Glass Bottle Collecting: A Historical Collection Of Commerce, Design And Manufacturing

In America alone 40 billion glass bottles are produced every year. We use them almost every day and recycle them when we’re done and don’t really think about where they came from or how they’ve changed over thousands of years. A little understanding of the history of glass bottles just might turn you into a collector. So here is a brief history of glass bottles and why they should be appreciated:
Glass bottles were first created in Mesopotamia in the 7th century. Legend has it that glass was discovered by Syrian merchants who were shipwrecked on an island where they burned plants from salt marshes (creating natron) on top of a sand pit. The burning of natron and sand created molten glass.

The techniques for making glass have been lost and reinvented throughout history, but all used some sort of ash and sand. Glass production seemed to have ceased until the Roman ages, where glass vessels were found storing wine and water. Craftsman spent their entire lives learning the art of glass blowing to create useful and beautiful vessels. It wasn’t until the Renaissance that the art of glass blowing took over. The most prized glass was produced in Venice. Venetian glass blowers were given the highest status among craftsmen in the 14th century. Even today Venetian glass is considered some of the finest in the world.  
It was in 17th century England where glass production took off. Heavy, lead glass replaced the fragile, elegant Venetian glass. Lead glass was more durable and lasted longer, thus expanding its use for consumer packaging.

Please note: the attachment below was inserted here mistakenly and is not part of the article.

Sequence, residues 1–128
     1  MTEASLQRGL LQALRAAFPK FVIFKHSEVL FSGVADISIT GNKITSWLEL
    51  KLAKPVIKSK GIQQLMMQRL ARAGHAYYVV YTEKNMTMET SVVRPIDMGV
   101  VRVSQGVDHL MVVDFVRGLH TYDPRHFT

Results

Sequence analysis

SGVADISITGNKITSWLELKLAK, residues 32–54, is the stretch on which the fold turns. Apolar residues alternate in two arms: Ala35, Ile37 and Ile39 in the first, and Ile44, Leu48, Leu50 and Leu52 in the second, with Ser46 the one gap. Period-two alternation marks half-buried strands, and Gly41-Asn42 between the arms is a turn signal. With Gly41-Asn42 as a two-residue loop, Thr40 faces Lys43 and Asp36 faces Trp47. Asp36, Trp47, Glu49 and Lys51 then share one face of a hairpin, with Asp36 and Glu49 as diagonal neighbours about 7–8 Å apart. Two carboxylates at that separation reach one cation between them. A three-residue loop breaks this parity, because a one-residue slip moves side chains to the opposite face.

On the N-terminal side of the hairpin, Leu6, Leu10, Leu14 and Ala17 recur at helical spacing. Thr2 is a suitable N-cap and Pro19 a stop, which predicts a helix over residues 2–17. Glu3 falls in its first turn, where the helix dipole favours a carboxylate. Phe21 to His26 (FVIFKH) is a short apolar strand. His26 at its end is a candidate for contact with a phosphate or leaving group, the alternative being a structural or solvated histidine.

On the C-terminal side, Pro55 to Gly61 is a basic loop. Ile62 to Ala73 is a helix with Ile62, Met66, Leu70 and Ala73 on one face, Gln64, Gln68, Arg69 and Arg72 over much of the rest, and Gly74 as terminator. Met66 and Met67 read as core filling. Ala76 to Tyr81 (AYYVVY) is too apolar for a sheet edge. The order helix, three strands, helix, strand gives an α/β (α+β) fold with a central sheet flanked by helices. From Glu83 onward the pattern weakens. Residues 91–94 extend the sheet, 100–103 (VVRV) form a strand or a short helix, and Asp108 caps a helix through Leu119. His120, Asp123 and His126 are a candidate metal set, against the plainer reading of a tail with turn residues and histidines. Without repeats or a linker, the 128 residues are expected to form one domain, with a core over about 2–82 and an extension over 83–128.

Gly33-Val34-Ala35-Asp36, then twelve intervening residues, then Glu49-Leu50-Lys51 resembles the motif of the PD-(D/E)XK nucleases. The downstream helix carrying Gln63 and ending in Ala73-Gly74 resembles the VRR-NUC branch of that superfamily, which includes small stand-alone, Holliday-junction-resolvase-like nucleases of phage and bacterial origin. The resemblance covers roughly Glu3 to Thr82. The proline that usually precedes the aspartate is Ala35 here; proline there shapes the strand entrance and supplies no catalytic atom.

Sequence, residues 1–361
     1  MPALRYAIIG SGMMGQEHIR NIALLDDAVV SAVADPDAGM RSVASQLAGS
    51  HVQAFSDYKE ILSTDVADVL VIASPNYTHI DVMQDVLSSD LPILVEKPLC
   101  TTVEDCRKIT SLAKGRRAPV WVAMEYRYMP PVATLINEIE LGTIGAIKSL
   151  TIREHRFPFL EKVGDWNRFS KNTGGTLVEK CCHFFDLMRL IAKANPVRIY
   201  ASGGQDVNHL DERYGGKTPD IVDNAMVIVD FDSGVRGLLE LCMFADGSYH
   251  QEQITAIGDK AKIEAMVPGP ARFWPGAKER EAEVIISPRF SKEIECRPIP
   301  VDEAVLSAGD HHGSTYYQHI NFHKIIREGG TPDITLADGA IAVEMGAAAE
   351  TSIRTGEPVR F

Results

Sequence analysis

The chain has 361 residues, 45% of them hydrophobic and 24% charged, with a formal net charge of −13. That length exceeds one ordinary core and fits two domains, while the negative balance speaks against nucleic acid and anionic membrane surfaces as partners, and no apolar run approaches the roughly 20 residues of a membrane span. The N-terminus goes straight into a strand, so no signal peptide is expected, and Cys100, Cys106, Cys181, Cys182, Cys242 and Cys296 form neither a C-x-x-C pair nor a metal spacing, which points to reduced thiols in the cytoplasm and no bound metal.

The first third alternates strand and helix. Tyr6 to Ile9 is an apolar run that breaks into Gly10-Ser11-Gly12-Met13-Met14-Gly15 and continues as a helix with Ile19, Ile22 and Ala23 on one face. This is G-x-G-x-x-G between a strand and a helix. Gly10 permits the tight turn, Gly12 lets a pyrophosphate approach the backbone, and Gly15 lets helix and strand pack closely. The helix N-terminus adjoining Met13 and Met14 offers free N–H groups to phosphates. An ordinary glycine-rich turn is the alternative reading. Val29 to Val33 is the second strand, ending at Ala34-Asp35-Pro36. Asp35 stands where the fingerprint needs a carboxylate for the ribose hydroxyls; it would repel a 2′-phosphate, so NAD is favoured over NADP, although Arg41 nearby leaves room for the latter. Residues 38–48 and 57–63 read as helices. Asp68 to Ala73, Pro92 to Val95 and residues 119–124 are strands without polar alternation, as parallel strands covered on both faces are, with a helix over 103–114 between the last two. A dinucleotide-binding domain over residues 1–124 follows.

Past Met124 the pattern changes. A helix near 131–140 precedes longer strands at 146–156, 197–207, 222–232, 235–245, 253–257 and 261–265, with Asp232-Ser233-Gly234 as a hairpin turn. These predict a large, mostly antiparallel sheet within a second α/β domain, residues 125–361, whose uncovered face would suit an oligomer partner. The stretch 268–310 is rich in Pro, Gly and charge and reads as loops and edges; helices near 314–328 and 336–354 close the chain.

In the mid 1800s the continuous basin furnace was invented, so that production could run non- stop, along with a two-person mold press, making custom embossments possible; opening up production for merchants of all type. This was a huge advancement in production, cutting down time and labor.

By 1899 7.7 million glass containers were produced in the U.S. But it wasn’t until 1904 that glass bottle production really took off. An American inventor, in Toledo Ohio, named Michael J. Owens designed a machine that would manufacture 2,500 bottle an hour. This revolutionized the glass manufacturing industry and created tremendous growth in the beverage and pharmaceutical industry.

Across America glass bottle factories opened, creating access to packaging for all types of businesses. By 1919, 22 million glass bottles had been produced. Pharmacies, beverage companies, grocery stores, beauty products, herbalists, chemical companies, doctors with “patent medicines”(a.k.a snake oil salesmen) all had their own bottles produced. Most merchants in towns across America had some kind of embossed bottle stating the company’s name, location and contents of the bottle. These bottles served as packaging and advertising, becoming more intricate in design as production evolved.

The glass bottles made in America during this time are popular among collectors today for those reasons. By 1960 the production of glass bottles turned into a larger scale operation and small custom production ceased. Glass bottles became more widely used for beverages and different forms of packaging became cheaper and more convenient for other merchandise. Glass bottles are now a less sought after packaging material making them not as popular for merchandising and collecting.    
American made bottles from the 1700s-1940s are wonderful items to collect. They are a beautiful piece of American manufacturing, design, and consumer history. There is an enormous amount of information available on these bottles. There is the Federation of Historic Bottle Collectors , The Society for Historical Archaeology, The Medicine Bottle Nexus  and even the Little Rhody Bottle Club and so many more blogs and websites to dive into and research your findings.

Nostalgia has an excellent, always changing collection of bottles to check out. These photos are just a few of the bottles that can be found in the shop, so come in and explore!